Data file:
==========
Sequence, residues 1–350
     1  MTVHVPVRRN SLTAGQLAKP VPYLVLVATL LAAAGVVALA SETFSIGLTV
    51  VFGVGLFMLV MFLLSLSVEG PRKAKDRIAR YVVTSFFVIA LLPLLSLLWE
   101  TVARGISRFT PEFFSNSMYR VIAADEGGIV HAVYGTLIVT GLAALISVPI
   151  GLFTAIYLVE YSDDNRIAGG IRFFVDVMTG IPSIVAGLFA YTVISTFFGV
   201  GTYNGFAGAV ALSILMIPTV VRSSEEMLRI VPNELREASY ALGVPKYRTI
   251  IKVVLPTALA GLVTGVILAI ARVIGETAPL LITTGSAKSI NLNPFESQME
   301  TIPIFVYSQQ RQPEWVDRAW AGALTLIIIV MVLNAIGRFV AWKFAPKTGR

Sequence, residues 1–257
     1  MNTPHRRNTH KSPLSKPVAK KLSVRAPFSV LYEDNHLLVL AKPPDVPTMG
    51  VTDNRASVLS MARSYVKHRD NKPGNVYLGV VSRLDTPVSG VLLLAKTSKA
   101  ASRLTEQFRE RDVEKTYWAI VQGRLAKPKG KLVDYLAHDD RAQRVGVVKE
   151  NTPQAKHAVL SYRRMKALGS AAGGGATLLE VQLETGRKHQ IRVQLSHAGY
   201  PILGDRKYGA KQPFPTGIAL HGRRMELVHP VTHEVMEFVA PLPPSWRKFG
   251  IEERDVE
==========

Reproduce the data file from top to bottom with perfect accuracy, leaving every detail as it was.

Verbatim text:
Sequence, residues 1–350
     1  MTVHVPVRRN SLTAGQLAKP VPYLVLVATL LAAAGVVALA SETFSIGLTV
    51  VFGVGLFMLV MFLLSLSVEG PRKAKDRIAR YVVTSFFVIA LLPLLSLLWE
   101  TVARGISRFT PEFFSNSMYR VIAADEGGIV HAVYGTLIVT GLAALISVPI
   151  GLFTAIYLVE YSDDNRIAGG IRFFVDVMTG IPSIVAGLFA YTVISTFFGV
   201  GTYNGFAGAV ALSILMIPTV VRSSEEMLRI VPNELREASY ALGVPKYRTI
   251  IKVVLPTALA GLVTGVILAI ARVIGETAPL LITTGSAKSI NLNPFESQME
   301  TIPIFVYSQQ RQPEWVDRAW AGALTLIIIV MVLNAIGRFV AWKFAPKTGR

Sequence, residues 1–257
     1  MNTPHRRNTH KSPLSKPVAK KLSVRAPFSV LYEDNHLLVL AKPPDVPTMG
    51  VTDNRASVLS MARSYVKHRD NKPGNVYLGV VSRLDTPVSG VLLLAKTSKA
   101  ASRLTEQFRE RDVEKTYWAI VQGRLAKPKG KLVDYLAHDD RAQRVGVVKE
   151  NTPQAKHAVL SYRRMKALGS AAGGGATLLE VQLETGRKHQ IRVQLSHAGY
   201  PILGDRKYGA KQPFPTGIAL HGRRMELVHP VTHEVMEFVA PLPPSWRKFG
   251  IEERDVE